How To Catch An Insight: Mindfulness and Creativity



Thoughts are a lot like bugs…

    Some fly right by us and we don’t notice. Others buzz in our ears and won’t stop. Some come with stingers. And some can be a pleasure to behold.

Quick! Grab a net before it gets away…

A lot of creative problem-solving is about being in the right place, at the right time, with the right mindset. And because we never know exactly when or where this is – maybe on the bus, in the shower, or while talking to a friend – it is important to be alert of potentially good ideas at all times.

Creative people collect thoughts like a bug collector, that means always having your net around and an empty jar. When something crosses your path, catch it and contain it, write it down somewhere or leave yourself a voice memo.

Have a place to store these ideas long-term: a notebook, a blog, or a digital folder.

Some ideas you might want to put into action right away while others you may never put into action. It doesn’t matter, good ideas are worth holding onto because you can always build upon them later, suggest them to others, or use them to stimulate your mind when it goes blank.

Whatever you do, don’t fall into the trap of thinking you’ll remember an idea when you get home, or when you wake up, or when you finally need it – you won’t. Like a bug, thoughts are always fleeting; they can be in your awareness one moment and then out the next. Get them while they are right in front of you or they might be lost forever!

“But, but…I’m never creative.”


Everyone has the capacity to be creative. Insights occur spontaneously all of the time, the problem is that they are often hidden underneath the everyday noise humming in our brains. Instead of using our minds to create and discover meaning, we get caught up in the smaller things: worrying about what to make for dinner or what grade we got on our latest exam. Lame!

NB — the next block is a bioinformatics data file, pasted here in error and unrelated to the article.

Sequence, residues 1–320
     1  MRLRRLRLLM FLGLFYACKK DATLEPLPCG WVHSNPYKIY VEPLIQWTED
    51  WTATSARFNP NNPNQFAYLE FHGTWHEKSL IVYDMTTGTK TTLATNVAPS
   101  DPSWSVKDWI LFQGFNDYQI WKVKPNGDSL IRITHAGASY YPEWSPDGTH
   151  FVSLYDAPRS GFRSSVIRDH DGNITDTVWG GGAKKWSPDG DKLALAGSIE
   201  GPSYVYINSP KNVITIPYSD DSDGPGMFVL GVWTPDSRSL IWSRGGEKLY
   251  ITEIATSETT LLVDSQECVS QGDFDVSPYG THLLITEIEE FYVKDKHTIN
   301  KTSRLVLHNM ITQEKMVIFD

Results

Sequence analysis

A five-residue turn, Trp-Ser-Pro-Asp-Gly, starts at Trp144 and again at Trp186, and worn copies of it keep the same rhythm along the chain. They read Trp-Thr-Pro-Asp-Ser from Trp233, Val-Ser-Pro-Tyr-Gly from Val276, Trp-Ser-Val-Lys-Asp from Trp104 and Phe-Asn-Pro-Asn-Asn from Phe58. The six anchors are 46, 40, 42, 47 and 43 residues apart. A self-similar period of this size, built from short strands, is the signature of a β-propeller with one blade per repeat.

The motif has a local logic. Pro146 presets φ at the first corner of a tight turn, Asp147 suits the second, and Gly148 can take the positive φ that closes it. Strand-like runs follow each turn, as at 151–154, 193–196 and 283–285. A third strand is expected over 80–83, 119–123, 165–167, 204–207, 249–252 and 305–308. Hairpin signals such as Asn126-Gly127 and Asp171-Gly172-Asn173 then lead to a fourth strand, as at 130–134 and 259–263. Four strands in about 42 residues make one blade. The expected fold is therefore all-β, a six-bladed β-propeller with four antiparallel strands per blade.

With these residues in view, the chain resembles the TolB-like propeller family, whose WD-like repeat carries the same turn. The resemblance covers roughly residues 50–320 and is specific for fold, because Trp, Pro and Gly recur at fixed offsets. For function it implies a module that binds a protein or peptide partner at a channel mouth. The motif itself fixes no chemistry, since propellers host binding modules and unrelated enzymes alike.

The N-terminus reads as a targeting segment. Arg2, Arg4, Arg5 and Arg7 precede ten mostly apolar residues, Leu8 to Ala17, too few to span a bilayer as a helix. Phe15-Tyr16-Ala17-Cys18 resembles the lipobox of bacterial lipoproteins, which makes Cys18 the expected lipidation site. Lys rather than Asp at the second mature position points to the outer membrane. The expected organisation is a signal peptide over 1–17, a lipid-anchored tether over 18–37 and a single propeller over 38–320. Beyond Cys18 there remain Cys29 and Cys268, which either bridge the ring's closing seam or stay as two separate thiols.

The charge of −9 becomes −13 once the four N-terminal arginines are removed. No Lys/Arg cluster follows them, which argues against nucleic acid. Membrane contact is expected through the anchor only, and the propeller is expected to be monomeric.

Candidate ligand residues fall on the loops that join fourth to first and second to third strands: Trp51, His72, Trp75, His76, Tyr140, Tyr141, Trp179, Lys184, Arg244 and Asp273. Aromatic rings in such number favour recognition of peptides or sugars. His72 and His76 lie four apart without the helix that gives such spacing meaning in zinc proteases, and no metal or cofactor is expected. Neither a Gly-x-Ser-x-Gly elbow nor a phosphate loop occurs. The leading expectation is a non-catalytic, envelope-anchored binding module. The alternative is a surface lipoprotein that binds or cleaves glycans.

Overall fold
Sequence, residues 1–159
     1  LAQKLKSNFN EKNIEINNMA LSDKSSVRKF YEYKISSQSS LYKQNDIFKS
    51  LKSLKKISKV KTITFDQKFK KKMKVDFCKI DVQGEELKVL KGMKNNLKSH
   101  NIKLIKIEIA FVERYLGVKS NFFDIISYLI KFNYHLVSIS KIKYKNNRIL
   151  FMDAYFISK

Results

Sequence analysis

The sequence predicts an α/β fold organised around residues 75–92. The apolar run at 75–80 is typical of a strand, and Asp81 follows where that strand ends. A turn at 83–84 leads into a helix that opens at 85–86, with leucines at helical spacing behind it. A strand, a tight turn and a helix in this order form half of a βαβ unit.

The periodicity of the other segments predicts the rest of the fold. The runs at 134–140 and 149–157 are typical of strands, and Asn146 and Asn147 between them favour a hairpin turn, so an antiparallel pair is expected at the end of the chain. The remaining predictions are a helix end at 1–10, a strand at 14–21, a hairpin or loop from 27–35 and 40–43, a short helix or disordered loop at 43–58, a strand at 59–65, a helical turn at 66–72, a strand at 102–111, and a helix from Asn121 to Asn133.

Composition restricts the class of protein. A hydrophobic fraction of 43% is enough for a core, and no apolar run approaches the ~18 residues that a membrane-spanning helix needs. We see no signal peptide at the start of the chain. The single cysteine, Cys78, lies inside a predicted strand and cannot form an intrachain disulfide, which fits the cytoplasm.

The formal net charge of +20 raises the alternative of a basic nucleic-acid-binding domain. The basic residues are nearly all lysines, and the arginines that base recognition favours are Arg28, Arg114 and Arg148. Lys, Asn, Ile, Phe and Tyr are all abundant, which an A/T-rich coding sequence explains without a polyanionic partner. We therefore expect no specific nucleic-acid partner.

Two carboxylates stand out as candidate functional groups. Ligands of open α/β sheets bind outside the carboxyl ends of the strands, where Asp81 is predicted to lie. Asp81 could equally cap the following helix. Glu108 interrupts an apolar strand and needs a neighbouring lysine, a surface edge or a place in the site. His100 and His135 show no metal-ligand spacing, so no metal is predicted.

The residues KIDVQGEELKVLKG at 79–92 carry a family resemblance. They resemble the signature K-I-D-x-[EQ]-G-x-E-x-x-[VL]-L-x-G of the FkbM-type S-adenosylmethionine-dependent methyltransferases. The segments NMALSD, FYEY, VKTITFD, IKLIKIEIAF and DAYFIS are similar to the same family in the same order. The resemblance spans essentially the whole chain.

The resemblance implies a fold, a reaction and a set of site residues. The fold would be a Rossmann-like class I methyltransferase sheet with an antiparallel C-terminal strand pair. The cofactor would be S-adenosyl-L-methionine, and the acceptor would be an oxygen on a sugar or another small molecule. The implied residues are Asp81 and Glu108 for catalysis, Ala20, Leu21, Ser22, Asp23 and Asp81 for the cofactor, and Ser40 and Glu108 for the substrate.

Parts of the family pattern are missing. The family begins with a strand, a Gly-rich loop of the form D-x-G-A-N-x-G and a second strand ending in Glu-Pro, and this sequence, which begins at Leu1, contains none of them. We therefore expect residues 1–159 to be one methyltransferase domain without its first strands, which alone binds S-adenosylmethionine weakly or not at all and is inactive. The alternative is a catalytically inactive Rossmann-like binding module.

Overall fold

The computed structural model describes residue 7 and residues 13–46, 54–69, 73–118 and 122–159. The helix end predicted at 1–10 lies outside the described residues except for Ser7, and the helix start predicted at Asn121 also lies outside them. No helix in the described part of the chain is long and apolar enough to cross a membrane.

Everyday we have tens of thousands of thoughts between hundreds of billions of neurons firing. That is a lot of competition going on in our heads and it is impossible to pay attention to it all at once. Neuroscientist Mark Beeman says that while an everyday thought, like what to eat for lunch, may take millions of neurons, an insight is usually made up of far less connections: a few tens of thousands. Therefore, Beeman claims that “…variables that improve the ability to detect weak associations may improve insight solving.”

One of the big variables might be better mindfulness. By becoming more attuned to our surroundings, and how we are reacting to them, we can more easily discover connections in our world, and therefore find meaningful solutions. This is just my hunch, but I like to think of mindfulness as the “net” we use when trying to catch those elusive ideas. In other words, by practicing better mindfulness we can be more aware of what would otherwise be unconscious to us – the “weak association” that tend to get outperformed by the “stronger associations.”

Another way to improve your insight ability is to just write down any ideas you come up with, even if they aren’t very good. My reasoning behind this is that it gets you in the groove of idea-making and thinking more creatively in general, which will push you to have more ideas in the future. As the ideas pile up, better insights will become more likely. A lot of this is a game of probability, and the more you practice the better your chances become.

Did you enjoy this article? Learn more about psychology and self-improvement in my new e-book The Science of Self Improvement.

The Science of Self Improvement

Related posts:

Comments are closed.